Data Science Succeeds When It Solves These Two Problems

burn your problems

Data science projects aren’t what they first appear.

Many data scientists believe data science is about solving problems using statistics and models. But those are likely the same data scientists whose projects never make it into production

Because if you’re a data scientist working on a project and stop after creating a data solution, you’re only half done. And stopping a project when it’s half done is like taking a cake out of the oven when it’s only half cooked. It might look great on the outside, but you can’t do anything with it – except put it back in the oven.

I’ve spent my entire career solving problems with data and seen the value data science can bring. But to create that value, you need to change your perspective on data science.

Every Successful Data Science Project Addresses Two Problems

Data science projects that deliver business value solve two interrelated problems: a business problem and a data problem.

A business problem is any challenge or issue faced by a business. For example, finding customers, increasing profits or building brand awareness. Not every business problem is solvable using data.

Data problems are the sorts of problems you encounter on Kaggle or in data science courses. Data problems include things like:

  • Predicting future outcomes given current data;
  • Automating repetitive processes around data; and
  • Identifying and interpreting patterns and trends present in a data set.

Solving data problems is why most people go into data science in the first place.

Considering a data problem on its own is fine in an educational setting but leads to waste in business. This is what happens when organisations hire data scientists and tell them to “go do data science.”

Successful data science projects begin with the identification of a business problem. This business problem then informs a data problem. Relevant data is acquired. Then the data is used to create a data solution that also solves the business problem.

This is illustrated in the diagram below.

business problem -> data problem -> data -> data solution -> business solution

Data science projects that address both a data problem and a business problem are more likely to make it into production. Yet, many data scientists still focus solely on data problems.

Here are two reasons why.

Team Silos Create Knowledge Gaps

Data silos are bad for data science. They make it difficult to connect disparate datasets.

When data science first took off, data silos were one of the biggest obstacles to success. Without the necessary data architecture in place, data scientists were limited in what they could deliver. Businesses learned the error of their ways. And now, data consolidation is seen as a necessary first step when building a business’s data capabilities.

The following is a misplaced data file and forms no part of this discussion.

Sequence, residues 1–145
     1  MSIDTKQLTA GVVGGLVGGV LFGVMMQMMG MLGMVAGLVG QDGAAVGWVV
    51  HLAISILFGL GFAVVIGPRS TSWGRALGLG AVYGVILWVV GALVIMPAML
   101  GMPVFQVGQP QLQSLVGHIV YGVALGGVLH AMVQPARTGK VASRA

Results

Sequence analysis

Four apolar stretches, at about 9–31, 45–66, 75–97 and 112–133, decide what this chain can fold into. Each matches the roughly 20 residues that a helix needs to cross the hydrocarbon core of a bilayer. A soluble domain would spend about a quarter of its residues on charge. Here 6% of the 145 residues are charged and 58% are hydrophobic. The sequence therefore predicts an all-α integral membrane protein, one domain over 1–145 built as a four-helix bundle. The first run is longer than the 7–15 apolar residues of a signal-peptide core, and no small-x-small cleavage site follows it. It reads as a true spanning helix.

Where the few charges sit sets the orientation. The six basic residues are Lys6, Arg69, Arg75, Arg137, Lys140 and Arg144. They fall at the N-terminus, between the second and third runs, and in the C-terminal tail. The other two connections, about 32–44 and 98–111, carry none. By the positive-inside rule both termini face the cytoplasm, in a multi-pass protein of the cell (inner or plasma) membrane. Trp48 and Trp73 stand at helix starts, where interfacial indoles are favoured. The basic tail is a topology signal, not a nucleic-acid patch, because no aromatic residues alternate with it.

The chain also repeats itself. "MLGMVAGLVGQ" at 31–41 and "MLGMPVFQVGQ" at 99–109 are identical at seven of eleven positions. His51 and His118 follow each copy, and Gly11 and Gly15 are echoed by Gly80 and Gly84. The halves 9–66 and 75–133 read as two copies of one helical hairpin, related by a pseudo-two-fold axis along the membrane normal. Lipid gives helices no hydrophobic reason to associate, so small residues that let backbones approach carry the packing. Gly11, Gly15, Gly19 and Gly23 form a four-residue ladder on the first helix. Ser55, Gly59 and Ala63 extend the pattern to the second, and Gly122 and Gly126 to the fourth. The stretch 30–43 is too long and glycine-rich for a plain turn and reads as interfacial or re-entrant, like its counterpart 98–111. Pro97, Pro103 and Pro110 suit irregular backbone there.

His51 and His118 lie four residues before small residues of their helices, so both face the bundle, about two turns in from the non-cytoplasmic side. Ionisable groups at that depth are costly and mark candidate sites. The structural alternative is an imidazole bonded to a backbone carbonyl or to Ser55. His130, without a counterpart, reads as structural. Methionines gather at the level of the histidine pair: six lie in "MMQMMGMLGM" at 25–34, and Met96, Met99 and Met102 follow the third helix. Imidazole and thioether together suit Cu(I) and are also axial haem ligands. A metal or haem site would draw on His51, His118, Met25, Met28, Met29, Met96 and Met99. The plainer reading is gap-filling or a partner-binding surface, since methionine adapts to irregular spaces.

Yet, data silos are not the only silos hindering effective data science. Team silos are just as bad. And while most organisations recognise the dangers of team silos, many have yet to address them.

Team silos occur when a team becomes disconnected from the rest of the business. For some teams, this might not be an issue. However, when data professionals become disconnected from the business, knowledge gaps occur.

The consequence of such knowledge gaps is described by Danny Samson, Alon Ellis and Stuart Black in Business Model Transformation: The AI & Cloud Technology Revolution, in the context of artificial intelligence (AI):

"The product leader might want AI to do something, but they don’t know what is possible. The subject matter expert AI analyst wants to do something, but they do not understand the customer problem. So you just have these two wheels spinning and an interface between them that is just pure gridlock."

When knowledge gaps exist between data scientists and the business, data problems and business problems inevitably become disconnected.

Shiny, New Toy Syndrome Doesn’t Help

Data science is still seen as a shiny, new toy by many organisations. Especially when it comes to cutting-edge techniques, such as deep learning.

As data science educator, Amanda Aitken, expressed in my podcast, Value Driven Data Science:

"Sometimes we get a bit carried away with the newest thing to play with when maybe simple linear regression or a GLM might be just as good."

This is true of both data scientists and business leaders.

Data scientists want to play with the latest technologies. This is one of the biggest drawcards an employer can offer to attract talent. But many business leaders also love speaking of the new technologies being used in their business.

This can lead to a “hammer in search of a nail” situation. By actively searching for ways to use a particular technique, data scientists and business leaders place undue focus on data problems, at the expense of business problems.

Even when data problems and business problems are connected, this mindset can lead to unnecessarily complicated data solutions. And that can lead to suboptimal solutions to business problems.

To improve the success rate of data science projects, organisations should, therefore, focus on addressing any knowledge gaps that exist between data scientists and the business, and placing the focus of any data science projects first and foremost on solving business problems.